Remember, this article started on the premise that you’re a writer trying to make it in San Francisco, right? Here’s where that begins to pay off. You have written books you can talk about, you’re interesting even without them AND there are so many opportunities right in your backyard (SF). Join a writer’s group, go to events such as Litquake, Word Week in Noe Valley, hit up bookstores (you’re a local writer, remember?) and don’t forget to populate your books with colorful characters and locales that are uniquely San Francisco. Get out of the house and go to events! Remember to tell people about your book keeping in mind you’re so much more than that. Be interesting and memorable, in real life, as well as in social media. Nobody said this was going to be easy but it’s worth it. James Patterson didn’t start out as James Patterson, he started out as a nobody with a big idea and lots of confidence. Look how that one turned out.
About the Author
Chad Schimke began as a self-published writer in 2012 with novels, including ‘Picker’, and short stories, including ‘Weirder’. He has appeared on several live radio shows discussing his various books and a wide variety of speculative topics. He’s been reviewed, guested and hosted along the way. Visit him on Twitter (@ChadSchimke), Amazon (amazon.com/author/chadschimke), Blogger (chadschimke.blogspot.com) and on the web (chadschimke.com), amongst other places.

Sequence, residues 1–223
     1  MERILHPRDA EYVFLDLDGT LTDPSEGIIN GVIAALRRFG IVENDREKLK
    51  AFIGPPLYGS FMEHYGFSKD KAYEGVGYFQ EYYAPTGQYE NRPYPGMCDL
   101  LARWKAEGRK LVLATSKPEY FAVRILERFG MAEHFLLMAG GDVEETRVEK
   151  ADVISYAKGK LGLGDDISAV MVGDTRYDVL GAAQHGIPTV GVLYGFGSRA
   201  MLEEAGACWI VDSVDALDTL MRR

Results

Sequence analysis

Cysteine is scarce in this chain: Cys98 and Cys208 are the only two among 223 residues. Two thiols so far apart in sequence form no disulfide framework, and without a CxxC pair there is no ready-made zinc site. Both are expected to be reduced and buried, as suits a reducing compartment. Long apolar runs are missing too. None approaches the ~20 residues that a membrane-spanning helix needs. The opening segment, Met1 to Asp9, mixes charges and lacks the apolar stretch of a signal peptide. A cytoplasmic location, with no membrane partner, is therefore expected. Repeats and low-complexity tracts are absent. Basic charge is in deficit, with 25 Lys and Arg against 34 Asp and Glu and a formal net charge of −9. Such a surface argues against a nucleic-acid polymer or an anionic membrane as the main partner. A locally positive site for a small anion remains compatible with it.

In 2014 Artifice Comics released special anthology issues, featuring his work, with ‘Midwinter’ appearing in Christmas and ‘Hallowseve’ appearing in the Halloween issue. Later this year, his crime thriller novel entitled ‘Secrets’ will be released, through Seventh Window Publications.
Don’t miss Chad Schimke, organizer of the Alabama Street Writer’s Group (alabamastreetwritersgroup.wordpress.com), in cooperation with City Art Gallery (828 Valencia Street). Meet him at the intersection of art and literature, at Litcrawl, on Saturday October 18th! This is part of the larger Litquake festival happening annually in San Francisco, Manhattan and Los Angeles. Come out for short readings, unique performances, art happenings, a feast of refreshments and book signings galore. Oh my!